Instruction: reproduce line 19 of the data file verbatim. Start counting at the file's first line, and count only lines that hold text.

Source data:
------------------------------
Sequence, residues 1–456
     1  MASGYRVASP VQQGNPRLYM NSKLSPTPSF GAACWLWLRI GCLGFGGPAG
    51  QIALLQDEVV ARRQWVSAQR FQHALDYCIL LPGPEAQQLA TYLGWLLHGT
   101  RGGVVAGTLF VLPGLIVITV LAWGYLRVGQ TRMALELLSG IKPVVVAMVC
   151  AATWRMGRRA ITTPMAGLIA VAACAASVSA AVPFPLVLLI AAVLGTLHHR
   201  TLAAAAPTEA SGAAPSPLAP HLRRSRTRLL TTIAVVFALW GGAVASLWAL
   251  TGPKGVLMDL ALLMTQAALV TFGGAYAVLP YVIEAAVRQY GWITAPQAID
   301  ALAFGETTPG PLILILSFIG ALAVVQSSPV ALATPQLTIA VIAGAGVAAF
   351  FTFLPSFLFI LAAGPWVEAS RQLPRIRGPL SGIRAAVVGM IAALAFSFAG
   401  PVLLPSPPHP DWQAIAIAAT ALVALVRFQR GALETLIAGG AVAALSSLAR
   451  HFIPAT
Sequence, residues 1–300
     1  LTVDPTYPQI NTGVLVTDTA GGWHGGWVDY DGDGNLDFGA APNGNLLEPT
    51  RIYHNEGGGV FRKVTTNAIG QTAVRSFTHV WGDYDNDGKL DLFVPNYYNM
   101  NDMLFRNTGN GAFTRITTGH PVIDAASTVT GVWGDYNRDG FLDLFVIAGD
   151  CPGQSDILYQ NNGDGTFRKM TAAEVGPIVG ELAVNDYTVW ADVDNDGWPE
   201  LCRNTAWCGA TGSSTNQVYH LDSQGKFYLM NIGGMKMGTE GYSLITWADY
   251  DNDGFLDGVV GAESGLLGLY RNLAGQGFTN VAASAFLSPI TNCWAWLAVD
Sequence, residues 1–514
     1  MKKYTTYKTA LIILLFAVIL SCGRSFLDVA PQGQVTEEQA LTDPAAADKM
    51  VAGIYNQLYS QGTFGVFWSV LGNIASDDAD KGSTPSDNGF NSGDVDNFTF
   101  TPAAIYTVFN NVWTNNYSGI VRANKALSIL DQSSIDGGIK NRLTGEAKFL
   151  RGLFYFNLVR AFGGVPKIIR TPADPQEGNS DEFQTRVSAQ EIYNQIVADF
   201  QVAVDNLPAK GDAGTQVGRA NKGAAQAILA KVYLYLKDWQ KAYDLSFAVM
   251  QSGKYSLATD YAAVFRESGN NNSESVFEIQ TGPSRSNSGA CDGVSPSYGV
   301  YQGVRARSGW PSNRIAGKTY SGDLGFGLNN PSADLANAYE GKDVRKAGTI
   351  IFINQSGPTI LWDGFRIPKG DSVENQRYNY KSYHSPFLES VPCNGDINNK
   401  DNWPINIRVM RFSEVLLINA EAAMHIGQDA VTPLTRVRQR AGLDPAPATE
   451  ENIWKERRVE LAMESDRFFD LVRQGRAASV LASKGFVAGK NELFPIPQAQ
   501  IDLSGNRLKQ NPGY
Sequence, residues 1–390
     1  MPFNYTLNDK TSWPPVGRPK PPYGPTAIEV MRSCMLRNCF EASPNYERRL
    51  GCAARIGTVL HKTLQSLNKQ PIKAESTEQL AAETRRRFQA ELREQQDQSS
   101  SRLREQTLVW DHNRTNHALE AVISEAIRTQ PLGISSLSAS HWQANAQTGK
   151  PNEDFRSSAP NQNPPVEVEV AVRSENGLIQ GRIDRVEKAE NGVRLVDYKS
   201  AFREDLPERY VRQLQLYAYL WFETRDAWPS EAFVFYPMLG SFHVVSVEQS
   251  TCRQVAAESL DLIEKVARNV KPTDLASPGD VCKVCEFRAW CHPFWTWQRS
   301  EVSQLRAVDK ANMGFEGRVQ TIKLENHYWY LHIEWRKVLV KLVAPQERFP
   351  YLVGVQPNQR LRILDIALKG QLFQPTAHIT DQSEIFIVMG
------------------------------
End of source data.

Sequence, residues 1–514